It’s important to be aware that frozen milk may develop a slightly grainy texture and experience some separation of fat. As a result, it is best suited for use in cooking or as an ingredient in smoothies and shakes.

To ensure proper storage, it is crucial to maintain the temperature of your refrigerator between 38°F (3°C) and 40°F (4°C). After using milk, promptly return the carton to the refrigerator to preserve its freshness and prevent potential spoilage. (2)

What are the Health implications of drinking spoiled lactose-free milk?

Lactose-free milk is susceptible to spoilage, much like regular milk, and its consumption can lead to various health issues ranging from stomach discomfort to severe bacterial poisoning or gastroenteritis, which is a type of food poisoning caused by different bacteria like salmonella.

Common symptoms of food poisoning include diarrhea, stomach pain or cramps, nausea, vomiting, and fever. 

The specific symptoms experienced may vary depending on the type of contamination, which can occur due to changes in the milk’s original composition, improper manufacturing processes, or incorrect storage practices. 

While there are numerous microorganisms that contribute to the spoilage of milk and dairy products, a few specific bacteria have the potential to cause severe illness among consumers. 

In most cases of food poisoning caused by spoiled milk, the body naturally heals over time. However, it may take several days to fully recover from the discomfort caused by such an incident. It is advisable to consume ample fluids to address dehydration resulting from vomiting and diarrhea. (3, 4)

What is lactose intolerance?

Lactose intolerance (LI) is a disease of the small intestine mucosa that precludes the digestion and absorption of lactose from the diet, either due to low activity or non-production of the lactase enzyme, β-D-Galactosidase in the body. (5)

What happens if lactose intolerant people consume regular milk?

LI exhibits symptoms such as flatulence, abdominal discomfort, feeling of swelling, bloating, nausea, borborygmus, vomiting, constipation, watery diarrhea with acidic stools, perianal roasting, dehydration, metabolic acidosis and may lead to malnutrition, depending on the intensity of the clinical case.

Diarrhea occurs because lactose is not absorbed or used in the small intestine, thus, it increases local osmolarity, attracting water and electrolytes to the mucosa and this accumulation causes intestinal dilatation, which accelerates transit, increasing malabsorption.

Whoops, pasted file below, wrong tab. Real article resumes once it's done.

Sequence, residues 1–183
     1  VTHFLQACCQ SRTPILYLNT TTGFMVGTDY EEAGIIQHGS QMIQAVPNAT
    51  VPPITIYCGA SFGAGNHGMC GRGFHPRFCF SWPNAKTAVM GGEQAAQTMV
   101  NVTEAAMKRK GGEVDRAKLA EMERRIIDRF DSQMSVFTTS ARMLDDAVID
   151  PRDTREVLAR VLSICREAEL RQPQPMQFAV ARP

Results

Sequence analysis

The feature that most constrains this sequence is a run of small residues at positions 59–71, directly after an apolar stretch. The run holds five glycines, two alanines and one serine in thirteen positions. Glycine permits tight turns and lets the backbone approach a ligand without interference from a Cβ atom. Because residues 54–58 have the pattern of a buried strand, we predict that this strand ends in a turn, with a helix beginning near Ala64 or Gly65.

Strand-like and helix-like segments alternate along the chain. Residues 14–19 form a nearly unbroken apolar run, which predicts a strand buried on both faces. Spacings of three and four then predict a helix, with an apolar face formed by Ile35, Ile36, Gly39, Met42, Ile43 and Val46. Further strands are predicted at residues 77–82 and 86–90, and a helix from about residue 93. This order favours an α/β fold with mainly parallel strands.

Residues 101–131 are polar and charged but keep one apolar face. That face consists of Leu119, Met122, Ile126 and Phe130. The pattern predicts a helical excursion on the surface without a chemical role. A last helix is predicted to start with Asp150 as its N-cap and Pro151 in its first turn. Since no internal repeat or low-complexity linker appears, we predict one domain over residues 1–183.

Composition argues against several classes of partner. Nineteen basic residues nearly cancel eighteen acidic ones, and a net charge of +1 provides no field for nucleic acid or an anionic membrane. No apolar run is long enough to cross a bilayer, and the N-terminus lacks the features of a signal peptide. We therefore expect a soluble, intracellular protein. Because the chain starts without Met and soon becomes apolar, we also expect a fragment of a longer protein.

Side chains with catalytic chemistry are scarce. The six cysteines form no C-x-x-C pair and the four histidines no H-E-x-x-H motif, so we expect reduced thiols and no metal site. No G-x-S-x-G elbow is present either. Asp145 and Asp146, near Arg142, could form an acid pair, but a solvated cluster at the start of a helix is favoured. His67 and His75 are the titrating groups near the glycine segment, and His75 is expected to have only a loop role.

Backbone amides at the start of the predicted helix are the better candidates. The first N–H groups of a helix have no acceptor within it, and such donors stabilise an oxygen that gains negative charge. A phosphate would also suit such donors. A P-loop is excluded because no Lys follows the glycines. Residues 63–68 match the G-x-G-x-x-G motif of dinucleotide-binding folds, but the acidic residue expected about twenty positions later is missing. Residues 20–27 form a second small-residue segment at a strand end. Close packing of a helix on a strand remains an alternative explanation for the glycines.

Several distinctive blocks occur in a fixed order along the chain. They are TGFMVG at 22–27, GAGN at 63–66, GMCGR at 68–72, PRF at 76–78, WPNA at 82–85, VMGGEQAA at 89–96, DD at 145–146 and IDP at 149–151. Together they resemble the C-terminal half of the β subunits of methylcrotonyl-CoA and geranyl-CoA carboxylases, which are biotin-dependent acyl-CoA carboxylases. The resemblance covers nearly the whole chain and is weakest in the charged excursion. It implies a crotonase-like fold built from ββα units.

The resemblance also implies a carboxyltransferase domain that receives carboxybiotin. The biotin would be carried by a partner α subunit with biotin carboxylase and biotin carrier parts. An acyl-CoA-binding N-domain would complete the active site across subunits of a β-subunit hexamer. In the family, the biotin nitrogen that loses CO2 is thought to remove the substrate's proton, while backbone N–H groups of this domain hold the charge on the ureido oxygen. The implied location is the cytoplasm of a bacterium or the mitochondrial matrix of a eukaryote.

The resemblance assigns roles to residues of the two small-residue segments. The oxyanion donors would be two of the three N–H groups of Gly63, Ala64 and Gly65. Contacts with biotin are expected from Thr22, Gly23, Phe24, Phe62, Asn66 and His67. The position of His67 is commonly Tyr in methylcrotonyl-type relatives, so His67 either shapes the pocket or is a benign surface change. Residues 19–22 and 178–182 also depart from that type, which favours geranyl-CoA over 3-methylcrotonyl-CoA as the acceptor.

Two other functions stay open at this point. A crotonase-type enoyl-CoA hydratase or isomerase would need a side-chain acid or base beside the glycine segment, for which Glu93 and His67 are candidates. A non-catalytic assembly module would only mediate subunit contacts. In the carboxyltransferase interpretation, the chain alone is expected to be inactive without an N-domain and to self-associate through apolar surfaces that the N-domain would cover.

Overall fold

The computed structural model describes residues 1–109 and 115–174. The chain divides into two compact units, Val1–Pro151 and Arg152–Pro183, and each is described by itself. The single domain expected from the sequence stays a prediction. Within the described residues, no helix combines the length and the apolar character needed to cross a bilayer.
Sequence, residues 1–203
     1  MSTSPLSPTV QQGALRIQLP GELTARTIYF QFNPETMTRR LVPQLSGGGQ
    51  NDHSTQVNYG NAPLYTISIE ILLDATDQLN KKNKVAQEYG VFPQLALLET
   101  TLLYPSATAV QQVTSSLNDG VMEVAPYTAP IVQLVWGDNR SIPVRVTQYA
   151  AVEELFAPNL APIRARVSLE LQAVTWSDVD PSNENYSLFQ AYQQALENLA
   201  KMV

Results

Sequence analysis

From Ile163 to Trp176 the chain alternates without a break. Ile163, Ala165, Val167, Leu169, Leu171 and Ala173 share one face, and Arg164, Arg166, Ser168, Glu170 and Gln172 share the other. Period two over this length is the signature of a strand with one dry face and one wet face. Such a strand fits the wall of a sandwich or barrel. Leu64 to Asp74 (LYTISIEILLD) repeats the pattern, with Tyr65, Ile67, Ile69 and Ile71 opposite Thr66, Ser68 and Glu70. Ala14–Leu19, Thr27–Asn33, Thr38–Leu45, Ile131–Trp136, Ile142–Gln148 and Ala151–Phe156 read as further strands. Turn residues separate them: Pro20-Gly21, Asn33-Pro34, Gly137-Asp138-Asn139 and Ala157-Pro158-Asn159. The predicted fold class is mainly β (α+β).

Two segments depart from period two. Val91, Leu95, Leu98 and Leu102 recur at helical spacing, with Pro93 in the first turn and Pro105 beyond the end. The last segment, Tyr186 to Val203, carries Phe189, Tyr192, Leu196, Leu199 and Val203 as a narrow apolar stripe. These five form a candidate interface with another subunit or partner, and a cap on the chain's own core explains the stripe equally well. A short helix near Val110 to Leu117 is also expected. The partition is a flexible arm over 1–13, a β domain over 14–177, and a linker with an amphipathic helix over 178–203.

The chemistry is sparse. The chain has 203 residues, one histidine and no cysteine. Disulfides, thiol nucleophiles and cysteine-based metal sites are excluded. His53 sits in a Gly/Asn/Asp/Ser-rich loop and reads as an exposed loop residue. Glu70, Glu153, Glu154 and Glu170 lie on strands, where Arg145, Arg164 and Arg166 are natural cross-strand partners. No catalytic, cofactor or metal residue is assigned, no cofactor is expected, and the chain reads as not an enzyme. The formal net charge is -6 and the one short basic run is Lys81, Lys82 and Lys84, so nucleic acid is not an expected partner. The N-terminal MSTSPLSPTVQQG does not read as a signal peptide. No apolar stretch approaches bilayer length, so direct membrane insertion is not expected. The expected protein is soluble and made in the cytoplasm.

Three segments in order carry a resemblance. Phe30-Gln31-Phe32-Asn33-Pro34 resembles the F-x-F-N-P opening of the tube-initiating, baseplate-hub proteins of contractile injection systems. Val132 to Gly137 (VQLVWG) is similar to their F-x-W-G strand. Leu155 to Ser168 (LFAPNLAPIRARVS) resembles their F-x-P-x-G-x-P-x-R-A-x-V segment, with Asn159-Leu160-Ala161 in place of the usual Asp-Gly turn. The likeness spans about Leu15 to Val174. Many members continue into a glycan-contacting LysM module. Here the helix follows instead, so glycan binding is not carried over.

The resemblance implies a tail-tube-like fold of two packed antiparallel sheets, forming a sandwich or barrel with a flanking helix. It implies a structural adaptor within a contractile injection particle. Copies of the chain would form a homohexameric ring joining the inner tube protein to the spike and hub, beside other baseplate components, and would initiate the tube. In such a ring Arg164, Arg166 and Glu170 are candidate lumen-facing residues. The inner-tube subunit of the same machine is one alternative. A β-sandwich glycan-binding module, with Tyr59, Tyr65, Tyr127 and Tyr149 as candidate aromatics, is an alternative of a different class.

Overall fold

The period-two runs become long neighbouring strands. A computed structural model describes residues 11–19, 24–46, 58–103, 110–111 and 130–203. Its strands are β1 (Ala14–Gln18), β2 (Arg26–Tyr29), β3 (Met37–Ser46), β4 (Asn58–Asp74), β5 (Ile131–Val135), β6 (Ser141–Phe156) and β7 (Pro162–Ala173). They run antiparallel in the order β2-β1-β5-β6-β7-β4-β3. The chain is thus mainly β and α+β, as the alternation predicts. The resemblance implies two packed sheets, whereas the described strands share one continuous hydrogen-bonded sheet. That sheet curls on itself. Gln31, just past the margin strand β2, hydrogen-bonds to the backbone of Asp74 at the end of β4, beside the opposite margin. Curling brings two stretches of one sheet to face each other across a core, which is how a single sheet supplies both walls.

Subsequently, lactose accumulates in the colon, where fermentation occurs by the intestinal microbiota resulting in the formation of short-chain organic acids such as acetic, butyric and propionic and gasses such as methane, carbon dioxide and hydrogen. 

These gasses are responsible for flatulence, distension and abdominal pain. The formation of organic acids involves the acidification of feces, making them liquid and causing more abdominal distension, and perianal hyperemia. (5)


In this brief guide, we answered the question “how long does lactose-free milk last” with an in-depth analysis of the shelf life of lactose-free milk in different mediums. Moreover, we discussed the ways to tell if lactose-free milk has gone bad and the tips to store lactose-free milk properly.


  1. Mahoney, R. R. Enzymes Exogenous To Milk In Dairy Technology | Beta-d-Galactosidase. Encyclopedia of Dairy Sciences, 907–914. 2002.
  2. Adda Bjarnadottir, Kelli McGrane, How Long Is Milk Good for After the Expiration Date? Them. Healthline Media LLC. 2020.
  3. Lu, M., & Wang, N. S.  Spoilage of Milk and Dairy Products. The Microbiological Quality of Food, 151–178. 2017.
  4. Centers for Disease Control and Prevention [CDC]. Food Poisoning Symptoms 2022.
  5. Silva, A. R. A., Silva, M. M. N., & Ribeiro, B. D.  Health Issues and Technological Aspects of Plant-based Alternative Milk. Food Research International, 108972. 2020.